In front of 60,000 global citizens, Dr. Jane Goodall spoke chimpanzee on the Global Citizen Festival stage to roaring cheers earlier this evening.
Goodall is best known for her kinship with chimpanzees. For decades, she lived with, observed, and learned about them.
In the process, she utterly transformed the scientific and cultural understanding of the species.
She also transformed how humans perceive animals and nature in general. She helped popularize the idea that, rather than being separate and above the world, humans are intimately entwined with all that surrounds them.
And because of this closeness, she advocated throughout her life, humans must respect nature and allow it to thrive.
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Goodall, who is now a United Nations Messenger of Peace and Founder of the Jane Goodall Institute, brought this sense of unity and responsibility to the Global Citizen Festival stage when she called on the global audience to recognize the bonds between man and nature.
"Chimpanzees help prove there is no sharp line that separates us from the rest of the animal kingdom," she said. "And yet knowing that they have emotions like ours, we stil show cruelty toward animals and each other. With our clever brains, how is it that we humans are destroying the environment?"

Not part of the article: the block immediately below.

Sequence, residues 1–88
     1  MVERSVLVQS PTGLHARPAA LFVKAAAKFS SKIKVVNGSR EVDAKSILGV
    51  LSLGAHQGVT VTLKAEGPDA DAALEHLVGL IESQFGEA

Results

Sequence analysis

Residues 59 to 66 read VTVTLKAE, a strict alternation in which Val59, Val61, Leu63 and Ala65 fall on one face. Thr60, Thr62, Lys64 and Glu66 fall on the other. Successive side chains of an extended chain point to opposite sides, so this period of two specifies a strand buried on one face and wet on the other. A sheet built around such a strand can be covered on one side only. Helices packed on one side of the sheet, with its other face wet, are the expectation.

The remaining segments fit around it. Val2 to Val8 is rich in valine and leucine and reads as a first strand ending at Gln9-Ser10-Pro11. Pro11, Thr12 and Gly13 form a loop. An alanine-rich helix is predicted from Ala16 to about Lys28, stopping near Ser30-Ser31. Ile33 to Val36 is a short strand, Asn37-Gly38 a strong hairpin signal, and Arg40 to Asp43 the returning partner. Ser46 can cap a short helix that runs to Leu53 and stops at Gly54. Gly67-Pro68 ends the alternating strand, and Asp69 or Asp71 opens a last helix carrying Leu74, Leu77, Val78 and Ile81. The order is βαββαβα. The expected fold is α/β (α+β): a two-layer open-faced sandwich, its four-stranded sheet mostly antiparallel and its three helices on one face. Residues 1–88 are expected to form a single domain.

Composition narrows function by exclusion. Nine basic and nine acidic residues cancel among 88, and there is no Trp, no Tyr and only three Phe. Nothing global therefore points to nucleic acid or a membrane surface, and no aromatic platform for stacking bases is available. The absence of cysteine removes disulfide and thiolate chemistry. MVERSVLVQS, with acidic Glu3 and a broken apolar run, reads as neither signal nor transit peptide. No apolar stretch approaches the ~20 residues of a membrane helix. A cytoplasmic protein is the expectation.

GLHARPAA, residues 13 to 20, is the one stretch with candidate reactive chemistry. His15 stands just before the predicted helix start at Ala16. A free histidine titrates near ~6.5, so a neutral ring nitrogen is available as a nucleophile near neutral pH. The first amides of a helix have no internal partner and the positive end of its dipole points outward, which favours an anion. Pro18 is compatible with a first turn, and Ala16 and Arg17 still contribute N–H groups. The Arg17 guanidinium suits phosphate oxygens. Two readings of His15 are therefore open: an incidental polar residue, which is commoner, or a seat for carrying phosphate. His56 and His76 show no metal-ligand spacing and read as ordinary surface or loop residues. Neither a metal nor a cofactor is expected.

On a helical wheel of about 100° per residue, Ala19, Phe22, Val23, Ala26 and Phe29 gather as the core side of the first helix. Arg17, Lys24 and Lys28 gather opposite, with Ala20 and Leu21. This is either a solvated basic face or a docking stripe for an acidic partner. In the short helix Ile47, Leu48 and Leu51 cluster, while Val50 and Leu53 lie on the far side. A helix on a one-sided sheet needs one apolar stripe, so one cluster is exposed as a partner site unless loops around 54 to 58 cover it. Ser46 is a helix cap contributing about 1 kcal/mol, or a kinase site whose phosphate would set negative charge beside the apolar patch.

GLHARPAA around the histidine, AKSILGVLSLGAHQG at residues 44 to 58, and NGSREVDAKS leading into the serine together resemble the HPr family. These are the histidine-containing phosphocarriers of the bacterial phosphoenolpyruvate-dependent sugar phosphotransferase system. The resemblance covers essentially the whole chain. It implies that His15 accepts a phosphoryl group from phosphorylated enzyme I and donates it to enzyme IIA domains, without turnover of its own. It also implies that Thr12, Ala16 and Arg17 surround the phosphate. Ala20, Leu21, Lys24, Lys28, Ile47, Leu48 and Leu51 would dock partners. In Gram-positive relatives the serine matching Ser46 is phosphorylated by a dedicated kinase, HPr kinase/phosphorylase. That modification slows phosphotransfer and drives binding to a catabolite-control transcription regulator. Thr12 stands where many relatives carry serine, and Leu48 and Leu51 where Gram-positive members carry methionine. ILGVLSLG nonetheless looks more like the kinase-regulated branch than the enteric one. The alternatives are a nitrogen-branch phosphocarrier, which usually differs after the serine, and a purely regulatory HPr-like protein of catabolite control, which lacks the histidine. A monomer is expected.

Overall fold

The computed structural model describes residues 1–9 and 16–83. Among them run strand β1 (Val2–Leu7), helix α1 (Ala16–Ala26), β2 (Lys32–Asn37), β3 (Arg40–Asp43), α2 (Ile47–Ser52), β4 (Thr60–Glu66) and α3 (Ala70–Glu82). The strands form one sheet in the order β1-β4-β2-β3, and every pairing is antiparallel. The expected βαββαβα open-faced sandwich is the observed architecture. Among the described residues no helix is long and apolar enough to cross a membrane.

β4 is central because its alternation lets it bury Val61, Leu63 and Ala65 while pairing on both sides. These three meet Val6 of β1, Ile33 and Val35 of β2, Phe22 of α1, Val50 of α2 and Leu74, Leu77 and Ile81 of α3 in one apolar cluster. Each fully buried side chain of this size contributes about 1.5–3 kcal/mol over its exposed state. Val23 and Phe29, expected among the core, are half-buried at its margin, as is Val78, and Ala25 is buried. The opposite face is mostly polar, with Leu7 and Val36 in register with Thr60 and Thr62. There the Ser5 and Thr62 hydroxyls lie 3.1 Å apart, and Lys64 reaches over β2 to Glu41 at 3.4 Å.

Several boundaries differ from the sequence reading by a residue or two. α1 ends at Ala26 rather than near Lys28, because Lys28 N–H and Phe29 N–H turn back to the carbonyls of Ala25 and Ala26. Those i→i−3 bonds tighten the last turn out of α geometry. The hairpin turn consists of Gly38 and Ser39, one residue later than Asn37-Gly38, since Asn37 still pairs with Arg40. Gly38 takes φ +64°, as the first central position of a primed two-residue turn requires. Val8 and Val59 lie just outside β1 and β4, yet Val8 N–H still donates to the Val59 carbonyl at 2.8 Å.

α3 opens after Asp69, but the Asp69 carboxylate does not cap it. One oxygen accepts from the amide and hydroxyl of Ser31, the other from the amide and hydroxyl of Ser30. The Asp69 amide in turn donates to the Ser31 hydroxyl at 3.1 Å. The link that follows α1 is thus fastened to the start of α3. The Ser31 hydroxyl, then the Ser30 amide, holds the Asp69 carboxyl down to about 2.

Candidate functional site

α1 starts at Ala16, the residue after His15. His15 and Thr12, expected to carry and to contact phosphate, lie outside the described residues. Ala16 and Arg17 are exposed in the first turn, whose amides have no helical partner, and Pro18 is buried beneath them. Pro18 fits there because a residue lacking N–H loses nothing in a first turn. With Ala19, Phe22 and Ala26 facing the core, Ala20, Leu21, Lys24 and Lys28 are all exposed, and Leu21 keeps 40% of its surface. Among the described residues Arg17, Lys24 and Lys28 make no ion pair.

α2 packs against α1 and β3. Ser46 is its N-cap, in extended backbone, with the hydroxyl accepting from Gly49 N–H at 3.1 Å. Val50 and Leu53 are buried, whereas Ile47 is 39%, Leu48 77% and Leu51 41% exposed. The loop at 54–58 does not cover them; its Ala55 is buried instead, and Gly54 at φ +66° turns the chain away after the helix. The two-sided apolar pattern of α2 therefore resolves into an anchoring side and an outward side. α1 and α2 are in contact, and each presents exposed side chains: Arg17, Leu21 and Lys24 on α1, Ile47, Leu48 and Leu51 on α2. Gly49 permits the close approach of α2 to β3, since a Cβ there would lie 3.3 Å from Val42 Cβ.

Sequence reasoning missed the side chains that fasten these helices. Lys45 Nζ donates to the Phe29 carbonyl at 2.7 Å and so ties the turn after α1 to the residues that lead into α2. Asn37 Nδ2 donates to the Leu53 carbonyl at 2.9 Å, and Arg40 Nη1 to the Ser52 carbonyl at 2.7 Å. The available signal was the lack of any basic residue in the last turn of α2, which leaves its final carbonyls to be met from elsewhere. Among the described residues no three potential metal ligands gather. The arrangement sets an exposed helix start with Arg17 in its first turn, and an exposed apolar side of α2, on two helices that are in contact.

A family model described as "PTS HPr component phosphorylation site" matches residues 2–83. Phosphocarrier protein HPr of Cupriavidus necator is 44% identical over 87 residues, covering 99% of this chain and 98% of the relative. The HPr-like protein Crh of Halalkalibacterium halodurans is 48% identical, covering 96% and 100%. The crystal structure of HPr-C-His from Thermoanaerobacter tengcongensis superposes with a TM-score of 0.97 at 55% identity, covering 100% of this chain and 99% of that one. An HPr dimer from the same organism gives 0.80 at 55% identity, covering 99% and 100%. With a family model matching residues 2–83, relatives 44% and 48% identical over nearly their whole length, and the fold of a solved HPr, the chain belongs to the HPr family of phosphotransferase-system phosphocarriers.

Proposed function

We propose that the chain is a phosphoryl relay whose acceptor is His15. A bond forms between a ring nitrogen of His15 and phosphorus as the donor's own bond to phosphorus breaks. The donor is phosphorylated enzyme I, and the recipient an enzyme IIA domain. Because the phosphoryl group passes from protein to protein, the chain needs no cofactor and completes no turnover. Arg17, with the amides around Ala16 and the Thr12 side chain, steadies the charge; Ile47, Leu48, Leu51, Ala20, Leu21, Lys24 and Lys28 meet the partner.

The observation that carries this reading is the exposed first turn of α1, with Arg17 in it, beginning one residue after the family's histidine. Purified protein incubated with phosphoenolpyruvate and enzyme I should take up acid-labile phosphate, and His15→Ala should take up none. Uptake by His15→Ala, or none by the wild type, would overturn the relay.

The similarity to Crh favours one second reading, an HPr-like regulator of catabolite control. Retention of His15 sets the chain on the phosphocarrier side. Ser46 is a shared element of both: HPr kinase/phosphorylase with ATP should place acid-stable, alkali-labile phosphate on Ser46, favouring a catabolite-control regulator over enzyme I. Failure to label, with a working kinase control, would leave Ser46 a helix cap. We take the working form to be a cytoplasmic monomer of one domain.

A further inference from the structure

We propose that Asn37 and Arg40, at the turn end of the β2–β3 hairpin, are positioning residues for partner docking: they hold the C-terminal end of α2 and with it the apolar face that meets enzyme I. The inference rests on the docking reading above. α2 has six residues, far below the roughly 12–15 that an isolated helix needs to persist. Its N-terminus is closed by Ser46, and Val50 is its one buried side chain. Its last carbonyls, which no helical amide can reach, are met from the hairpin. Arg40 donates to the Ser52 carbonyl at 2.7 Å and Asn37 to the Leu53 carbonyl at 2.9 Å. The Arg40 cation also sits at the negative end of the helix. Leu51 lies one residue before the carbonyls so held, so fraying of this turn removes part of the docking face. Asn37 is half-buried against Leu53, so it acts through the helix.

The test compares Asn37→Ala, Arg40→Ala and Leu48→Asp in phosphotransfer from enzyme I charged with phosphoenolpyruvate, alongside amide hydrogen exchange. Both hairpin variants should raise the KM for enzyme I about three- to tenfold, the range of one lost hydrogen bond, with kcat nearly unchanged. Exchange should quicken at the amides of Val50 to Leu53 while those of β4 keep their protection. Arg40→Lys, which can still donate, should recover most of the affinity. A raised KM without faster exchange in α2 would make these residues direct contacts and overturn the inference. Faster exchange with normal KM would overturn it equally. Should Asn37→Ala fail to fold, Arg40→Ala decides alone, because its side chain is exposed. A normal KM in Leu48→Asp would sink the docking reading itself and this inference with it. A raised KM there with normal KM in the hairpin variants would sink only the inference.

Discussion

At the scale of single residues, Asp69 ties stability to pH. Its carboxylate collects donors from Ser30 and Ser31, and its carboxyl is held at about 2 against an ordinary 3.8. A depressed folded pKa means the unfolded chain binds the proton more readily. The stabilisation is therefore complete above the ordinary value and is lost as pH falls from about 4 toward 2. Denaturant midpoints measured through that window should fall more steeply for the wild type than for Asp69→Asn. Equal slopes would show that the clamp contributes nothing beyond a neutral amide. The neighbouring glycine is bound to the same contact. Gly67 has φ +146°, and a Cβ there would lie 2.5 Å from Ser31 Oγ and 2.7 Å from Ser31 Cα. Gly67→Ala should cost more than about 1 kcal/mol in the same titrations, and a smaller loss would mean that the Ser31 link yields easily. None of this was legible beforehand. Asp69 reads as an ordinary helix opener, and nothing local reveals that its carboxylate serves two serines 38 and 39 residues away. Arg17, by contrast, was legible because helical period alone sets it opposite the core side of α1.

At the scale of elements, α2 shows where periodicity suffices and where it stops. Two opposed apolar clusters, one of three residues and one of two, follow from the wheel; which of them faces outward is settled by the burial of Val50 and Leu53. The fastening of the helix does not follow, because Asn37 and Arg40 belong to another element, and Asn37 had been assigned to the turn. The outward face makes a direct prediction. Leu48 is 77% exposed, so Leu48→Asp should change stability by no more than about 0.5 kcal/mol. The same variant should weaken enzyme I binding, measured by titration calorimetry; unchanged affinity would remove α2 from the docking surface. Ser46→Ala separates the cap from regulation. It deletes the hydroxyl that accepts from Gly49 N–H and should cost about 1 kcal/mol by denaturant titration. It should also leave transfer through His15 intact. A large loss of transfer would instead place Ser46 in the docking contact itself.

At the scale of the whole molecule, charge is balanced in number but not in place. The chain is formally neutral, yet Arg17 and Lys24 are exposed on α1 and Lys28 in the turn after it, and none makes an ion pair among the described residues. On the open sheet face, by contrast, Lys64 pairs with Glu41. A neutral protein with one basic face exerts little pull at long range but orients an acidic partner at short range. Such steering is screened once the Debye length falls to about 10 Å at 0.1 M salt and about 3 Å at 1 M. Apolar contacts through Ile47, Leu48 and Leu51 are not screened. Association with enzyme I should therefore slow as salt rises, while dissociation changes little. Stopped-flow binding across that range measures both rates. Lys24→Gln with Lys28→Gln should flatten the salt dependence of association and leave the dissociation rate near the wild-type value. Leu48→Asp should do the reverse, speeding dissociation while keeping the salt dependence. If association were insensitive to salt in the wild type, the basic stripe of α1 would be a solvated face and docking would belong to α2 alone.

In particular, she pointed to climate change as the culmination of bad human decisions toward the planet and its inhabitants.
"We're burning fossil fuels, creating the greenhouse gases that cause extremes of temperature, more frequent and more destructive storms," she said. "Why do we pursue the wealth at the expense of future generations?"
Goodall is revered throughout the world as a pioneering researcher, but she reminded the audience of her humble roots, suggesting that anyone out there is capable of similar feats of drive and creativity.
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Despite all the challenges in the world, Goodall has hope for the future.
“I have hope because of our clever brains, the resileince of nature, the indomitable human spirit and above all the commitment of young peopel when they're empowered to take action."